Oluwafemi Nylander, a prominent member of Rhodes Must Fall Oxford and campaigner against colonial commemoration at Oxford, today stood outside All Souls College in protest against the Codrington Library and commemoration of its founder, Christopher Codrington.
He stood shirtless outside the High Street entrance to the college, with a chain around his neck and ‘All Slaves College’ painted on his chest in red paint, which was intended to resemble blood.
Speaking to Cherwell, Nylander described his attempts, apparently on behalf of Rhodes Must Fall, to remove the commemoration of Christopher Codrington within the college.
“When we complained about the statue and the plaque to the college their response was that the statue was a fact of history which like the history of slavery itself cannot be changed. I thought I would remind them what the history of slavery was.”
The Codrington Library was founded in 1751 by Christopher Codrington, a fellow of the college who amassed a considerable fortune through plantation slavery. His £10,000 currency donation in the eighteenth century is worth approximately £1.2m in modern terms.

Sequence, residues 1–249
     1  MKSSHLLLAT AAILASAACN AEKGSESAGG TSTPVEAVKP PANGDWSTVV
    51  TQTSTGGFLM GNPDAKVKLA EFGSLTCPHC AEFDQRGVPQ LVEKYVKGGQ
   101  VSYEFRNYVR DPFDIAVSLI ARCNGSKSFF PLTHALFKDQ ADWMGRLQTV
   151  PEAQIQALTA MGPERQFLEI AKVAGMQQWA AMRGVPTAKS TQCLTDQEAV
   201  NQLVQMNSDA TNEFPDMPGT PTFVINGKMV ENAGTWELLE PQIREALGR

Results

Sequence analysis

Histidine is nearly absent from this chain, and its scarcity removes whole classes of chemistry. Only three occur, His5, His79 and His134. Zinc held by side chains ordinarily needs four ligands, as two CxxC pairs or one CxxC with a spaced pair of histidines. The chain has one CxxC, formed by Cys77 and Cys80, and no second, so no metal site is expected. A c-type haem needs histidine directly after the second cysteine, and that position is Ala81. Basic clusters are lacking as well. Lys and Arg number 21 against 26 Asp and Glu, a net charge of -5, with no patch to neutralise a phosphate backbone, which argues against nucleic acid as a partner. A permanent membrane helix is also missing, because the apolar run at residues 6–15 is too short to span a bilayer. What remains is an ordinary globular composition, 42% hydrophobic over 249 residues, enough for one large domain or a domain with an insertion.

A statue, in which Codrington is dressed as a Roman, stands in the library, above a plaque that acknowledges (in Latin) “Christopher Codrington, who built this library and enriched the books out of his will”.
In a blog post for the online magazine Consented, Nylander attacked the “soulless” “moral relativism” of University Vice Chancellor Louise Richardson in defending the Codrington Library, and All Souls’ failure to “show humility, regret and sensitivity to this flagrant dismissal of the histories and experiences of black students”.
Nylander’s article claims that, in a statement to Rhodes Must Fall Oxford, Fellow Sir John Vickers said “the Library exists for students and researchers. Its name and statues reflect facts of history which, like the history of slavery itself, cannot be changed”.
All Souls College has been contacted for comment.